Hydrogen for the Petrochemical Sector

The hydrogen economy is gaining momentum, and technologies from Linde are playing a key role in helping manufacturers to unlock the potential of this light gas.

Corporate Clean H2
  • As a plant engineering and gases specialist, we are the only company to cover the entire hydrogen value chain – from production and processing through distribution and storage to everyday industrial and consumer use cases.
  • Our all-round technologies and expertise in the field of H2 make us more than just a competent partner. We are the global leader in this field and renowned for our smart and – above all – integrated solutions.
  • Integrated refinery and petrochemical operations use huge volumes of hydrogen, for example to desulfurize the fuels they produce. However, the application opportunities for H2 extend far beyond desulfurization, as one of our largest refinery and petrochemical customers is demonstrating.

Refineries require huge amounts of hydrogen. And companies that convert low-grade crude oil into low-emission fuels need even more of this light gas. Which is why Linde Engineering was awarded by a leading global company to integrate hydrogen technologies enabling even highly sulfurous crude oil to be refined into high-grade, low-emission fuels.

Steam reformer

The Beginnings of Hydrogen Production

Our engineers built the world’s largest H2 plant complex to generate the huge streams of hydrogen required by the customer. It includes eight steam reformers that produce synthesis gas – a mixture of carbon monoxide and hydrogen. In total, 670,000 standard cubic meters of H2 can be generated per hour from this syngas. Linde is regarded as the leading provider of steam reforming plants worldwide, having already built more than 200 steam reformers with capacities ranging from 300 to 200,000 standard cubic meters of hydrogen per hour. Natural gas is typically used as the H2 feedstock. As it is a fossil resource, experts refer to this kind of hydrogen as gray hydrogen.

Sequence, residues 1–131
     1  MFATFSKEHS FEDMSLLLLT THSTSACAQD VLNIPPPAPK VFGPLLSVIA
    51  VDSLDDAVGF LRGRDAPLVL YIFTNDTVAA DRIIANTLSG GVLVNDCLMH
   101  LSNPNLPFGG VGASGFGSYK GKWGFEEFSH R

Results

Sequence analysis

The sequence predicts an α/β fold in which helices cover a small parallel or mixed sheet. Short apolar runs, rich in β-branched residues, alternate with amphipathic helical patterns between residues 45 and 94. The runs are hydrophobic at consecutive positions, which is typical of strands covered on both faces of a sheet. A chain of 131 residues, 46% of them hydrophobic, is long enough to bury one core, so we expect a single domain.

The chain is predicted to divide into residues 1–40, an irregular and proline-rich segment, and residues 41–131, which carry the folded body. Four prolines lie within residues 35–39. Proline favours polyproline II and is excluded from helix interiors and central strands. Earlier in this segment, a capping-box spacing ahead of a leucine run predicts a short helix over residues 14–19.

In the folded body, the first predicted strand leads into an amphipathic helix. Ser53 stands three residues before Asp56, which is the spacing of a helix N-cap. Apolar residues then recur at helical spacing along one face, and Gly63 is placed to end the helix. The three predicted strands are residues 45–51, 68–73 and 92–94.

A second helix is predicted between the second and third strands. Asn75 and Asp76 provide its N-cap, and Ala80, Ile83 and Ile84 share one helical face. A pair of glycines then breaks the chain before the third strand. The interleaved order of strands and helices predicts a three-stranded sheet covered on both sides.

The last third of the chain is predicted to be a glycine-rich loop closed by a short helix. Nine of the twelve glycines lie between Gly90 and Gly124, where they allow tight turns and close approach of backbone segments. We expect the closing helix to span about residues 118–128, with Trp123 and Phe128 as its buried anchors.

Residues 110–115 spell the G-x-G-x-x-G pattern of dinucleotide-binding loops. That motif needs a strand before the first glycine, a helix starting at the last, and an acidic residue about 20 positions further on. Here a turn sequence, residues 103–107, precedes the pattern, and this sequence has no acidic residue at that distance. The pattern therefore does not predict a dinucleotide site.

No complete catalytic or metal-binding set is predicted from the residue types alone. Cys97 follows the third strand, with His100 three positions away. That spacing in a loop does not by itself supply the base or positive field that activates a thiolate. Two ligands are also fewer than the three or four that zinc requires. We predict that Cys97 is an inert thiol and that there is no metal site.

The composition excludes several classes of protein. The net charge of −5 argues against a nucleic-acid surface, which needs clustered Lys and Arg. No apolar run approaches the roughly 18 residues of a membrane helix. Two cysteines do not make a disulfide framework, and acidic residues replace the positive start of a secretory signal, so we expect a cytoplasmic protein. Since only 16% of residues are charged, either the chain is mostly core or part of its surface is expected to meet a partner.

Refinery residues such as petroleum coke is another potential source of H2, and was the feedstock chosen by Linde’s refinery and petrochemical customer. It is a by-product of refining operations. To generate hydrogen from this feedstock, the petroleum coke has to be heated to very high temperatures together with oxygen and steam in special units known as gasifiers. This partial oxidation process generates a raw synthesis gas, which is a mixture of hydrogen, carbon monoxide (CO), carbon dioxide (CO2) and other by-products.

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Linde has got the perfect solution when it comes to carbon capture, utilization and storage (CCUS).

Pure Gas Streams

The raw synthesis gas from the gasifiers has to be scrubbed to remove impurities such as hydrogen sulfide and carbon dioxide. Our RECTISOL® wash process is the ideal acid gas removal for this purification step as it removes all unwanted components in just one go. For our refinery and petrochemical customer, we installed the world’s largest RECTISOL® units, each one with a capacity of 2,300,000 standard cubic meters per hour. Almost 25 percent of the scrubbed synthesis gas is fed into the hydrogen production flow, which the company then uses to remove impurities from the fuels it manufactures. RECTISOL® highlights include an extremely pure CO2 stream, making it perfect for carbon capture, utilization and storage (CCUS). In addition to this, Linde Engineering integrated an efficient sulfur recovery solution with oxygen enrichment, enabling the customer to produce over 2,000 tons of elemental sulfur per day.